I’ll repeat from that review that “I believe that Squidoo needs to involve lens readers more.” Others have made many suggestions on how to do that. But that is the first area I’d look to if I was on that crew.  Second, it seems that Squidoo was always a bit cold, that lensmaster pages are secondary. My other suggestion to Squidoo is to add more social networking to the lensmaster pages. The lenses themselves are fine, but I’d concentrate on the lensmaster pages. Why can’t I modify my page like I can a lens. (Compare for example.) See if you can get the lensmasters to take pride in their “home” page and build the community from there. Where are the comments?

In short I think Squidoo still has legs but I agree that it will need some changes to more forward. This crew has already moved Squidoo quite a ways since November and they can probably keep moving it. We’ll know for sure when I do my SuperBowl Ads for 2007.


Beta signup for zlides.com starts

Tonight I got the front page of zlides.com to accept email addresses from those people who want to participate in the beta program when it is ready.

Zlides is about displaying and creating presentation blogs. Examples will be available in early June.

Sunday, April 30, 2006

Dan Briklin Still At It

Dan Bricklin, he father of the spreadsheet, an other things, is still at it. WikiCalc is moving foward and he inspires me to continue working on RealSimplePresentations (Zlides).

Friday, April 28, 2006

Media Blogger Association

This looks like a good group that I’ll probably have to join soon. It came to light when Dave Winer pointed out that Lance Dutson of the Maine Report was hit with a multi-million dollar lawsuit. More sand?

Monday, April 17, 2006


Still hunting for a (domain) name for my new projects. Zlides.com is the best so far. Have about two weeks to nail this down.

Monday, March 27, 2006

Three Years of Blogging

Dave Winer had posted that a bunch of people have four years of blogging under their belt. It made me realize that today I celebrate three years of blogging. While blogging has been great, I think using RSS has been the real kicker for the past three years – even if blogger only produces Atom on this site. It was the answer to “What is XML good for?” and I think the key component that kickstarted the Web. 2.0 engine. I’ve used it in several creative endeavors including Real Simple Presentations. So thanks to Dave.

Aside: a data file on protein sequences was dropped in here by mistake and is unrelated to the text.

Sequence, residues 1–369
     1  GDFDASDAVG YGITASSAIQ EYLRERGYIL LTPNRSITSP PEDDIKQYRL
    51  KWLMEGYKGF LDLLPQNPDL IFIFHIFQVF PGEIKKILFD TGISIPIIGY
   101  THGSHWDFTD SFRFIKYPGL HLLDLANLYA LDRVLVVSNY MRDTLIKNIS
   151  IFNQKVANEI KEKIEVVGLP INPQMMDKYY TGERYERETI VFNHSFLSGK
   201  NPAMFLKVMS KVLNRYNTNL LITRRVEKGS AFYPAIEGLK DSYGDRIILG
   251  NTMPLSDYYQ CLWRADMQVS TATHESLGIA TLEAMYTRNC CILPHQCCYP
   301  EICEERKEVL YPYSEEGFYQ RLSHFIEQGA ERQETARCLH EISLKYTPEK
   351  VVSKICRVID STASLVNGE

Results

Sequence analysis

The popularity of my blog has not changed much in three years. Once in a while another blogger will point to an item. Some close friends like Don, Dick and Murch point to my blog. That is all okay because the purpose of writing the blog was to learn about this new medium/technology and McLuhan’s Laws of Media apply. I think I have it now. What a long strange trip it is.

Sunday, March 19, 2006

Bucknell versus Memphis: 'Ray Bucknell

Memphis coach hasn’t show his team Bucknell film. “I don’t want to scare them. I don’t want their headspinning.” “They run too much stuff, the hold the ball.” We’ll see at 2:00 EST.

Saturday, March 18, 2006

Check Out the Big Brains on Bucknell

Who would have thunk that a west coast paper, the Los Angeles Times, would have the best story and headline on Bucknell’s NCAA win over Arkansas? Headline made me laugh and the story was well written. J.A. Adande did his research. “Kevin Bettencourt wants to be a history teacher.” Talks about Charles Lee honoring 11–year-old ball boy who was killed. And he acknowledges that Bucknell is a pretty good basketball team too.

At the moment, they can claim more NCAA tournament victories than Texas, Alabama, Louisiana State, Pittsburgh, UCLA, Kansas, Syracuse and Iowa over the last 12 months.

Also a good story in the New York Times by Thayer Evans on Charles Lee living the American College Dream. Bucknell just started awarding basketball scholarships three years ago. Lee and Bettencourt, the two star seniors, are not scholarship players.

Monday, March 13, 2006

Bucknell Bison - Ray Bucknell

Last year I wrote about Bucknell after missing the Kansas game. And if you want some history, follow the links. However, it looks like I’ll miss the openning game this year because of a conflict. Tivo to the rescue. Go Bison. Ray for the Orange and the Blue. What a thrill!